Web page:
There’s a big impediment to PNP chief’s drug tests for barangay, SK bets

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Mandatory drug testing for political candidates does sound like a great idea. But the Supreme Court has already said otherwise years ago.

Newly minted Philippine National Police chief Oscar Albayalde is proposing mandatory drug testing for barangay and Sangguniang Kabataan candidates at the coming elections. But this has revived concerns over the legality of drug testing for electoral hopefuls.

Opposition figure Sen. Leila de Lima, who is currently incarcerated on drug charges, questioned Albayalde’s recommendation.

“By requiring barangay and SK candidates to undergo drug testing, shouldn’t he think that candidates for national office should also be required to undergo drug testing, including candidates for president?” De Lima said.

As expected, the idea was a good one for some.

Social media comments argued that mandatory drug tests will pave the way to discover barangay officials involved in the illegal drug trade.

Not so fast! Let’s look at the law.

Easy as it may sound to implement such a project, both substantive law and jurisprudence have something to keep drug tests for candidates at bay.

Former Commission on Elections chief Gregorio Larrazabal said:

Larrazabal drew attention to the 2008 case of Pimentel Jr. v. COMELEC as authority dismiss mandatory drug testing for candidates as unconstitutional.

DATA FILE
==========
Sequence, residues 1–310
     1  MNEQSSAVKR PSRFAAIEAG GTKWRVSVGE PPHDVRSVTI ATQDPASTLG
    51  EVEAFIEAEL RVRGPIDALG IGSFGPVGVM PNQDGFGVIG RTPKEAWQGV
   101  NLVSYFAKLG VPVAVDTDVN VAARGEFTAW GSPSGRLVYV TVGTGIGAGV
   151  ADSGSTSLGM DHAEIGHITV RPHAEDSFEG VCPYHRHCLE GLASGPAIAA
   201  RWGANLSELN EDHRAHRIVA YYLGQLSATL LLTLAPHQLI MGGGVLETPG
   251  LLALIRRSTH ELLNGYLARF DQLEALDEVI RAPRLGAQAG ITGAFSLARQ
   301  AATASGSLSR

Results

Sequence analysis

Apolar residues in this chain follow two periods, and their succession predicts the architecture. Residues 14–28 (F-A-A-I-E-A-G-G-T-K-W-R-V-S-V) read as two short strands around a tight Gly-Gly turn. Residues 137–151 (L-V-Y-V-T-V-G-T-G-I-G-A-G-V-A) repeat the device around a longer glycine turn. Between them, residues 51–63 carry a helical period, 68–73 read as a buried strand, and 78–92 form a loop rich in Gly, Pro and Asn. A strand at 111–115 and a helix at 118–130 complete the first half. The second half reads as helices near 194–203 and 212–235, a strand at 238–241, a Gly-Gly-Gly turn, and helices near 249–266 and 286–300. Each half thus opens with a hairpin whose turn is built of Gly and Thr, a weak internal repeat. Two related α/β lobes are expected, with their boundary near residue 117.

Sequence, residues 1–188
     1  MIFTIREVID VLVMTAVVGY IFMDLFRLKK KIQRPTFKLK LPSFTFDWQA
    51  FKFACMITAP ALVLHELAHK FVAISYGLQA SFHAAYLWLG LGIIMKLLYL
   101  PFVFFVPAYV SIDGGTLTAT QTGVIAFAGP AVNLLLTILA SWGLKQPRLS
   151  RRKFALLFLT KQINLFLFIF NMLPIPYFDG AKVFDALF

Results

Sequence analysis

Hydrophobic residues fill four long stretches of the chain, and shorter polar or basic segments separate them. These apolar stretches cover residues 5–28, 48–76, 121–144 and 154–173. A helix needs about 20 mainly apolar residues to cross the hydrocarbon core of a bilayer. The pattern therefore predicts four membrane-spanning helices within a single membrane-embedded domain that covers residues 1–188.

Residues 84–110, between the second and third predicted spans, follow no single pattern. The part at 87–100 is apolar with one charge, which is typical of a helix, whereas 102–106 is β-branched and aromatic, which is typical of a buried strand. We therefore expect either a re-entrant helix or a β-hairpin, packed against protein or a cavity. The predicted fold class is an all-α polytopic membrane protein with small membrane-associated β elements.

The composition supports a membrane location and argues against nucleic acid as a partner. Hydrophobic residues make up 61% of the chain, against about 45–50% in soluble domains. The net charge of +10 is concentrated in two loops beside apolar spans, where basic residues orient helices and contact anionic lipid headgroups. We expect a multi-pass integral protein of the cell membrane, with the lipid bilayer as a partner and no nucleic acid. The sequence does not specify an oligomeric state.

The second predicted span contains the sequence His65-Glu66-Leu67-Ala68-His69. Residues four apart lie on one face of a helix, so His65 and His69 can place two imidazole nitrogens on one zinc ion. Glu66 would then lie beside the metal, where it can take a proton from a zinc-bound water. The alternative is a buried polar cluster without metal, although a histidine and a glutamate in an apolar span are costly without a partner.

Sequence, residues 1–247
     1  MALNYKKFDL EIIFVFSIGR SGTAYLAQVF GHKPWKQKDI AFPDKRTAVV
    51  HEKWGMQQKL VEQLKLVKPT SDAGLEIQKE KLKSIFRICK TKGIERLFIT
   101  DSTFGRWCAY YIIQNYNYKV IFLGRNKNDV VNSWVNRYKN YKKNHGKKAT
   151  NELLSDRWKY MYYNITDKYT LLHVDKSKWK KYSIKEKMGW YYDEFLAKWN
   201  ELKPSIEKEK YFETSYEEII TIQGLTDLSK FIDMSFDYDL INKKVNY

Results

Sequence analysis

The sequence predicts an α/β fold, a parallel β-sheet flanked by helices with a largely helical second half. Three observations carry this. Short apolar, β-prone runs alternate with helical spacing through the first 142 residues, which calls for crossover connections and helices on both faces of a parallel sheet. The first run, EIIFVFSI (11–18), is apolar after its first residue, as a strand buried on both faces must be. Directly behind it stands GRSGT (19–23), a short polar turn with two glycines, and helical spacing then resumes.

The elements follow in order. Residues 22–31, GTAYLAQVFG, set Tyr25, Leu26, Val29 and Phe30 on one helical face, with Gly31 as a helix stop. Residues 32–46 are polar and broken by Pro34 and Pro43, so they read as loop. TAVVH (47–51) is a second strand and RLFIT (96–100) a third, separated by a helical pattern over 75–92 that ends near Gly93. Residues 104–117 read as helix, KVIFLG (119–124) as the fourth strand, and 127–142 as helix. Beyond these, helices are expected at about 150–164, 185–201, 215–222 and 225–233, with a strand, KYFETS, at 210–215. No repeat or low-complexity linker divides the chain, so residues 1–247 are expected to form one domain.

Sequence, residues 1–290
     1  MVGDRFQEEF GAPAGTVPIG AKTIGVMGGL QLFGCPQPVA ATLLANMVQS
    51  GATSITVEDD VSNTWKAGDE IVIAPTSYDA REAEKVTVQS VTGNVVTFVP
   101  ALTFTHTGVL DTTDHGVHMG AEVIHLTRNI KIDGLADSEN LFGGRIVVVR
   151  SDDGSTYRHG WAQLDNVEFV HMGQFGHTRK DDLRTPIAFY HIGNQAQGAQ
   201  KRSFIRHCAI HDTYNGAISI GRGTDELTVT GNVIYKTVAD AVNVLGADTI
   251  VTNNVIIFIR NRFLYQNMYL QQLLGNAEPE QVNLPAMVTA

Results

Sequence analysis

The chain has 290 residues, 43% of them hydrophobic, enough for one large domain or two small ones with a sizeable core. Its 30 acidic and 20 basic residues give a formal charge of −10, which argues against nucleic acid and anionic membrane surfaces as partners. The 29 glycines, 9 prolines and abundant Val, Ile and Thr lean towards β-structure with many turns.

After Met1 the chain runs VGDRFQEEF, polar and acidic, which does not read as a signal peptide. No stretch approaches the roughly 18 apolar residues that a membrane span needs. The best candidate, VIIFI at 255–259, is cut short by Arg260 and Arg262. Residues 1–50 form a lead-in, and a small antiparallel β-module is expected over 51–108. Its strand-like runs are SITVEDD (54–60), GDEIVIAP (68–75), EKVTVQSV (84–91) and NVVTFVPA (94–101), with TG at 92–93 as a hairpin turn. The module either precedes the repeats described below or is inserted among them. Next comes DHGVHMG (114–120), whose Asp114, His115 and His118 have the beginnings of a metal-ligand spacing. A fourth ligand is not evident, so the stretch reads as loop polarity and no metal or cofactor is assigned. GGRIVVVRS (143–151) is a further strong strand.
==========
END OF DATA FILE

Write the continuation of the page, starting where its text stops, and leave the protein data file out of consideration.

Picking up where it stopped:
The case arose from the consolidated petitions of former senator Aquilino Pimentel Jr. and other groups and individuals to declare unconstitutional Section 36[c],[d],[f] and [g] of RA 9165 or the Comprehensive Dangerous Drugs Act of 2002 which required candidates to undergo mandatory drug testing.

Pimentel’s petition also sought to assail COMELEC Resolution 6486 which implemented drug testing for the 2004 elections.

The drug testing requirement for senatorial candidacy, as well for all appointed and elected public officials, was struck down as unconstitutional.

The drug testing requirement for senatorial candidacy, as well for all appointed and elected public officials, was eventually struck down as unconstitutional after the court found that such law does not adhere to Article VI, Section 3 of the Constitution.

“In the discharge of their defined functions, the three departments of government have no choice but to yield obedience to the commands of the Constitution. Whatever limits it imposes must be observed,” wrote Justice Presbitero Velasco Jr. who penned the decision.

Despite the COMELEC reiterating the Supreme Court decision as a bar to mandatory drug testing, some solons are still pushing for the implementation of such tests.